Alumni Engagement

Q&A with Greg Hudgison

By Candace Morrow
Photo by Suhyoon Cho

This edition of CSU’s alumni magazine concentrates on the significance of mentoring on and off campus. One person on campus who keeps a constant flow of curious undergraduates, graduates and new alums at his communications door is alumnus Greg Hudgison, B.A. ’94, director of University Relations. In fact, he carves out as much time needed to supervise his veteran marketing team while coaching the campus’ aspiring young media professionals. Here’s why mentoring at CSU matters to him:

Q: Why do you make mentoring part of your job?

A: I have mentored students from grade school to the workforce, so once I got to CSU, this became a great opportunity to focus on college-age students. I believe there is a direct connection between helping our students have a successful college career and my responsibility to promote and protect the brand of Columbus State University. A successful student becomes a brand ambassador for our university, so I invest my time to ensure their time at CSU is a transformation educational experience.

Q: For those who many think mentoring will cut into their work schedule, what advice/words of encouragement would you offer?

A: If possible, I would recommend scheduling the time you want to spend mentoring, as you would other responsibilities during the day. I believe that we all have valuable experience we can share with students, even if it’s just listening to the aspirations of the student and giving them input and feedback. I also benefit as a mentor because it helps me keep up with the changing channels of communication that students are using in traditional and social media.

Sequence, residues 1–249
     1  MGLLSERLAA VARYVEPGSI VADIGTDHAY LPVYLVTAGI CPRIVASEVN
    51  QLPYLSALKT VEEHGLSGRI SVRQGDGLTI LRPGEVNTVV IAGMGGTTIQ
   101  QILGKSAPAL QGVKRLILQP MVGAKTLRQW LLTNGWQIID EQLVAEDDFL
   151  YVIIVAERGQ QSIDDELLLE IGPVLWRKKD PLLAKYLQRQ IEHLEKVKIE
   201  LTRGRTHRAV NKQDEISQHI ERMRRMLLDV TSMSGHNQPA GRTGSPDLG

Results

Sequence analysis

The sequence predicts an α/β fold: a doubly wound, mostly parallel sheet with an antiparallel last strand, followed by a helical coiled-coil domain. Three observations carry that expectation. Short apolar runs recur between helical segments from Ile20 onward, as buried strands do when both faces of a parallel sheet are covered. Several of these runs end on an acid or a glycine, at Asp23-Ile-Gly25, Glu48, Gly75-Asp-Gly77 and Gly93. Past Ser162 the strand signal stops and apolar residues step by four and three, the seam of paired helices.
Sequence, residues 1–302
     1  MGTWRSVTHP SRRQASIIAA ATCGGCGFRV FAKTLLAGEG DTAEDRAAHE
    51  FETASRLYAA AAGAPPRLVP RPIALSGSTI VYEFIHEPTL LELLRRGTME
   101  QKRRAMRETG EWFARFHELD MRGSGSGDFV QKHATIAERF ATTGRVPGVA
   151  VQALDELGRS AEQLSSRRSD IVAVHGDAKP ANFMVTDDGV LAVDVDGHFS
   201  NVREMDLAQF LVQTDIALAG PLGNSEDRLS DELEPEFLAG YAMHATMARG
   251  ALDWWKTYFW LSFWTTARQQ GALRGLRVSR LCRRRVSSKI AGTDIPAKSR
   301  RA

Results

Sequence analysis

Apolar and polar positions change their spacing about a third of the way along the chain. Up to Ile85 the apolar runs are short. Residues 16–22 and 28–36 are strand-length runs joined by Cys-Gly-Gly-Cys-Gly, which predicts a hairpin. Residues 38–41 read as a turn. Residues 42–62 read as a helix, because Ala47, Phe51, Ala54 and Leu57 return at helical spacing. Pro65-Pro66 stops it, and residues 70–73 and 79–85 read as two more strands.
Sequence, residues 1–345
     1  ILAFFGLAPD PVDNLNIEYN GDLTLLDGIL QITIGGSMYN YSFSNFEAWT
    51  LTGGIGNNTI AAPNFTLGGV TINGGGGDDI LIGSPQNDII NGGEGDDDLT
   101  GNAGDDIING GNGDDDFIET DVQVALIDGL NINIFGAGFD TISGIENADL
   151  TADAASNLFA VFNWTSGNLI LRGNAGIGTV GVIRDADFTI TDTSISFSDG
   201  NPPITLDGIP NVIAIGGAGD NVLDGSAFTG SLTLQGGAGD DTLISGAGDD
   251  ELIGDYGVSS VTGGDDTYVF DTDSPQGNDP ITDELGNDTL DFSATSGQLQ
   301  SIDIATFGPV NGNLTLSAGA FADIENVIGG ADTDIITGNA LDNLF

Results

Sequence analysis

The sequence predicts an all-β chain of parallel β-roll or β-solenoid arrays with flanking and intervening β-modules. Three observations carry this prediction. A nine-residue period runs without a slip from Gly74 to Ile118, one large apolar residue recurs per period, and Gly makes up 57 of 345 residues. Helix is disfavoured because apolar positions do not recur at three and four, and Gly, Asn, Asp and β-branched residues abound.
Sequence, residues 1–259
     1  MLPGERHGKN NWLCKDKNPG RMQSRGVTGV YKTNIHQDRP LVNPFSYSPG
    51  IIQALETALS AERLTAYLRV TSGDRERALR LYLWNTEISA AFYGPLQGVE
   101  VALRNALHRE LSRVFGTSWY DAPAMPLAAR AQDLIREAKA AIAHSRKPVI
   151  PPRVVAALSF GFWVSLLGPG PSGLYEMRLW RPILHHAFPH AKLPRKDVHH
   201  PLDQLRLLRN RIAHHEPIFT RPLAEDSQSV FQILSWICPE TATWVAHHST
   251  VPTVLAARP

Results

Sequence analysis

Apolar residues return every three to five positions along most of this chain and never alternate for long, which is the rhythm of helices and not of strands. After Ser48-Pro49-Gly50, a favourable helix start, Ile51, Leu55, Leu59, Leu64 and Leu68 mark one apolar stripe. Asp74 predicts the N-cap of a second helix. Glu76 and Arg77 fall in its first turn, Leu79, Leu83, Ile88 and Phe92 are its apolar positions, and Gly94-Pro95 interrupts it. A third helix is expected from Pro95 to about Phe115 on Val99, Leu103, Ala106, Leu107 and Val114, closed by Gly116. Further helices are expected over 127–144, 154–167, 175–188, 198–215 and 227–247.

Q: What are the dos/don’ts of mentoring college students?

A: Dos: Become a coach and motivator; listen more, talk less; ask questions about the student’s aspirations; be willing to share relevant work experience with the student, which helps gives them perspective; and share your professional network if it’s relevant to the student’s field of study. Don’ts: Mentor, don’t parent; guide, don’t direct a student to a degree or major.

Q: What do you hope students gain from mentoring experiences?

A: Mentoring is a great opportunity to connect students with the range of resources available to them across our campus and in the community. My hope is that the student increases their network of social and professional relationships across the campus and in their field of study.

Q: How many students do you mentor throughout the academic year? What are the biggest concerns of these students as they prepare to enter the workforce?

A: I average between five to 10 students during the academic year — both group and individual meeting environments. I also speak to larger groups of students during events hosted by our Collegiate 100 and Greek Life organizations. The biggest concern I hear from students: fear of not having enough real-world experience in their field of study before graduating. I direct them to our Center for Career Development, and I recommend they participate in at least one internship. I also encourage them to look at their current employment and see if there are opportunities within those companies for career advancement that can become matched with their degree field.

More About Me

BEFORE THIS POSITION, I WAS…External communications manager for Synovus

FAMILY: Wife: Vonda; sons: JC (wife-Neicey), Christopher (wife-Beth) and Joshua; grandsons: Ethan and Aiden

LAST BOOK I READ: “The Death of Common Sense” by Phillip Howard


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